It is estimated that we have about 2000-4000 tastebuds, and since the surface of the tongue is like your skin, the tastebuds recycle about every week or two.  This rapid and continuous recycling might be why it is acclaimed that your taste (preference and enjoyment from your taste buds) changes approximately every seven years.

Conclusion

Even though the tastebud categories are still too complicated to rewrite the map, I still plan to use my taste buds to their fullest potential.  Eat up!

Resources

I gathered some of my information from a PubMed article that is actively being updated by real scientists – How Does Our Sense of Taste Work?

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Burning Mouth & Pepto Lips – Episode 107

An image of black lips, partially open to show some of the top and bottom teeth. Maybe the person has a burning mouth, or just had too much Pepto!

 

Burning Mouth Syndrome

Burning Mouth Syndrome is defined as a burning sensation with no underlying cause.  It may include dry mouth sensations with no true symptoms of dry mouth.  BMS is accompanied by unremitting burning or pain but no mucosal changes or signs of injury or swelling.

3 Categories

  • Increases throughout the day after waking
  • Stays the same morning, during the day, and at night
  • Has no pattern

Common Symptoms

  • Bilateral pain of the tongue
  • Chronic pain labeled as moderate to severe, or a 6-10 on the pain scale.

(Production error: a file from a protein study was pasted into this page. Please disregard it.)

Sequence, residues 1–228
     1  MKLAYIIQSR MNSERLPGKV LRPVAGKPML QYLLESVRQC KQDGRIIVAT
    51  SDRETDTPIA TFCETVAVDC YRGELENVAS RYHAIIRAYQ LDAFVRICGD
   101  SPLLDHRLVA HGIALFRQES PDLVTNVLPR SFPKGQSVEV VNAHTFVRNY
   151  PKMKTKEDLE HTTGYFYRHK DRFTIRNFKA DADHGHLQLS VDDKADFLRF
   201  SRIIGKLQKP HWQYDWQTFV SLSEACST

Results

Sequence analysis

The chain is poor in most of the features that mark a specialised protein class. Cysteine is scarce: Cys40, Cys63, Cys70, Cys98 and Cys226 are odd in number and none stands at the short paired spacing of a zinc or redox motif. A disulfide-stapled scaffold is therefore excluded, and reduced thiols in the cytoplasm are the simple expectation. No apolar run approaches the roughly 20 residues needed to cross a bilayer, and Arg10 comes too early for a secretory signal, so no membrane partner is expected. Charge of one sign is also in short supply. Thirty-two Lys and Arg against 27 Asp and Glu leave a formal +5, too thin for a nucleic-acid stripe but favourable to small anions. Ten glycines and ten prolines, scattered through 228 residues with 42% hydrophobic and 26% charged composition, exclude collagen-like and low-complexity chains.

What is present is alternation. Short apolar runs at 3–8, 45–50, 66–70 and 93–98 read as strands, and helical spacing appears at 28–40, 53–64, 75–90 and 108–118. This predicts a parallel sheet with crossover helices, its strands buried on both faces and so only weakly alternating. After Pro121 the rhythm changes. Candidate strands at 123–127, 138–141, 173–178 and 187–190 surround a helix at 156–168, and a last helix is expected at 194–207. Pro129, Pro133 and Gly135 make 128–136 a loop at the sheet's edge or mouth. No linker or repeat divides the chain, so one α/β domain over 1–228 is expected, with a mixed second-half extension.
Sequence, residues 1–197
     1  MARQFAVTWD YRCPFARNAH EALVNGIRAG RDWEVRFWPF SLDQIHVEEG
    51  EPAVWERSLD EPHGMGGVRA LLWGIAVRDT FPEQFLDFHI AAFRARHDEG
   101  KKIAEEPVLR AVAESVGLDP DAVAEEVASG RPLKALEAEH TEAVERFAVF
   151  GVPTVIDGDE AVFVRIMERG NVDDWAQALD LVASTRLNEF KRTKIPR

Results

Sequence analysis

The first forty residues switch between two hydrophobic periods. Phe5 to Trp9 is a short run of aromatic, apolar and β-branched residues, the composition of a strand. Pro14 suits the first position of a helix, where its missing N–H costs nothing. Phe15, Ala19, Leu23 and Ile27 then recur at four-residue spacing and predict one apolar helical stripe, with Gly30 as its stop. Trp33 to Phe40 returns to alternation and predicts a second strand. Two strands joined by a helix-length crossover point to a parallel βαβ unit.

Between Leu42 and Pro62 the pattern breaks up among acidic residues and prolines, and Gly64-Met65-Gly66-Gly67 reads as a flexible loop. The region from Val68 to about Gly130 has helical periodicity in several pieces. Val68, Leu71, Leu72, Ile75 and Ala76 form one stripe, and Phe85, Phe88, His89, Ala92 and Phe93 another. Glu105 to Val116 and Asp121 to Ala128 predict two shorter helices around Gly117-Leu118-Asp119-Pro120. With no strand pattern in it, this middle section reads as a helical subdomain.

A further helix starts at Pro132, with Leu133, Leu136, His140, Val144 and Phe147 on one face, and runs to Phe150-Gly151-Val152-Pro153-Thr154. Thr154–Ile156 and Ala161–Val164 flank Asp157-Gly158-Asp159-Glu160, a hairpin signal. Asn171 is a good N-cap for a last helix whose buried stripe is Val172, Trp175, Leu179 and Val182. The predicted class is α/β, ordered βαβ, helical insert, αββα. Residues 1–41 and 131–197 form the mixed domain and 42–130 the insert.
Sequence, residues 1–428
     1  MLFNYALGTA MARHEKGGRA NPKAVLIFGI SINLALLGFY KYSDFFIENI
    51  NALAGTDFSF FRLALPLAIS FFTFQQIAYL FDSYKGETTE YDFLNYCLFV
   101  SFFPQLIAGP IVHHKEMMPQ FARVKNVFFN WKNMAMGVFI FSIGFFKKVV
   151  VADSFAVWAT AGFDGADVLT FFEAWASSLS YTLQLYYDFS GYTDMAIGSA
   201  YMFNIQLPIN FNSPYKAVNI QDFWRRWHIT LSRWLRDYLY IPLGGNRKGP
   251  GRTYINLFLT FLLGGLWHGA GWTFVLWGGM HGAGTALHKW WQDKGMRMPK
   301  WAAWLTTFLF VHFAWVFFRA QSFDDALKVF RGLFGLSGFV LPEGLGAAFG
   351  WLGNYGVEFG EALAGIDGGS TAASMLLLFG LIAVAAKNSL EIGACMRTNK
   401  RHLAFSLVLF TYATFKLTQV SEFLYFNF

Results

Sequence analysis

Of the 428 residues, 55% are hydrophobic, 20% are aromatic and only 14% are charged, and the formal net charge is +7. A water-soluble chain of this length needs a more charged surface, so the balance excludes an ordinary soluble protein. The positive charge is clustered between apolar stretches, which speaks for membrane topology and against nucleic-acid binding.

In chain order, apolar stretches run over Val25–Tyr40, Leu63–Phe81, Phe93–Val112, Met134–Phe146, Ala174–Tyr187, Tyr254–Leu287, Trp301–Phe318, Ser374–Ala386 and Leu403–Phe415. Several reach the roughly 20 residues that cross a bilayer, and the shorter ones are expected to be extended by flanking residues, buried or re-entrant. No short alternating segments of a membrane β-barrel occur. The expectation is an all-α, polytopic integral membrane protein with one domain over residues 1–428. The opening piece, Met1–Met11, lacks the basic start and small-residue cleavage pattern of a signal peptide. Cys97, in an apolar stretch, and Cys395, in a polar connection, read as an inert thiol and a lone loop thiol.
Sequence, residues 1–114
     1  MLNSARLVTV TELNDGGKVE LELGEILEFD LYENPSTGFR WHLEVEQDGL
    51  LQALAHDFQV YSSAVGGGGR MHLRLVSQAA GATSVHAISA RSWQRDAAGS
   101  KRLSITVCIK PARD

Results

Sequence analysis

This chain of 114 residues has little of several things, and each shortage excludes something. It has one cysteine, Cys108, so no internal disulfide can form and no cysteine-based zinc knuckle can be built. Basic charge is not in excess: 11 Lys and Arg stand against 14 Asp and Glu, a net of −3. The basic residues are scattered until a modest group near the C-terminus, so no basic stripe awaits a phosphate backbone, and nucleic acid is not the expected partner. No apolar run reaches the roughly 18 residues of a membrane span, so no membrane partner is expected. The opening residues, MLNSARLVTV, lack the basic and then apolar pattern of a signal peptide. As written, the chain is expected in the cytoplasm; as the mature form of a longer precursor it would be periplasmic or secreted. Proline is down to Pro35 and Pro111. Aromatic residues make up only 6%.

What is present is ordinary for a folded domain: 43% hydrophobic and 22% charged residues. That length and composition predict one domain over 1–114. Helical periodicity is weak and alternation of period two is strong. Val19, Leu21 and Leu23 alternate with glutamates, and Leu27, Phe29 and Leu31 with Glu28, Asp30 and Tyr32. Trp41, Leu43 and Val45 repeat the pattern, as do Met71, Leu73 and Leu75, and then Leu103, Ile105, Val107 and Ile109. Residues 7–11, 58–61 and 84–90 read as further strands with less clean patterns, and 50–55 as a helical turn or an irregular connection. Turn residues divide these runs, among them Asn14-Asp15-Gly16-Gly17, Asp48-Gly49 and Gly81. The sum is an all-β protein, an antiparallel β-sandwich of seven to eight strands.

• Worsened by talking, stress, fatigue, or hot, spicy, or acidic foods.

Subjective Descriptions

  • Dry mouth
  • Change in ability to taste
  • Accompanied by a headache
  • Decreased appetite
  • Improved by cold foods or drinks

Those who suffer from BMS may see temporary relief with topical analgesics (i.e. lidocaine or benzocaine) but see no improvement from systemic medications.  Fifty percent of the cases have no apparent cause but do have some correlation with depression.  This is a case of “the chicken or the egg”.  Are people with depression more likely to have symptoms of BMS?  Or are people with BMS more likely to become depressed?

Before someone can be said to have Burning Mouth Syndrome, many other issues must be ruled out.

  • Deficiencies (iron, folate, B vitamins, zinc)
  • Dry mouth
  • Nerve damage
  • Hypothyroidism
  • Type 2 Diabetes
  • Nocturnal habits (clenching, grinding, tongue-thrusting)
  • Infection (thrush, herpes, HIV)
  • A hiatal hernia (GERD)
  • Medications (ACE inhibitors, anticholinergics)
  • Myeloma (a blood cancer involving plasma cells)

Pepto Lips

Pepto-Bismol, aka Bismuth subsalicylate, has been used for decades for a variety of stomach complaints.

Bismuth is a good binder of toxins, in a similar way that carbon is in activated charcoal.  And yes, bismuth is one of those elements on the periodic table.  Subsacylate activates into salicylic acid (related to aspirin) and works to decrease inflammation of the gastric lining.

When bismuth binds with sulfur that is naturally in your saliva, it becomes bismuth sulfide, which has a black color and can stain your tongues and lips temporarily.  Pepto overuse is the obvious cause of black lips.

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Tongue Issues – Episode 106

Born With…

Ankyloglossia is also known as a tongue tie.  It is a result of a short frenulum.  This issue is easily corrected if it interferes with eating and talking.

Macroglossia is am abnormally large tongue.  This is one of the visible characteristics of Down’s Syndrome.  It is described as the tongue looks and feels to be bigger than space in the mouth.

Infected With…

Strawberry tongue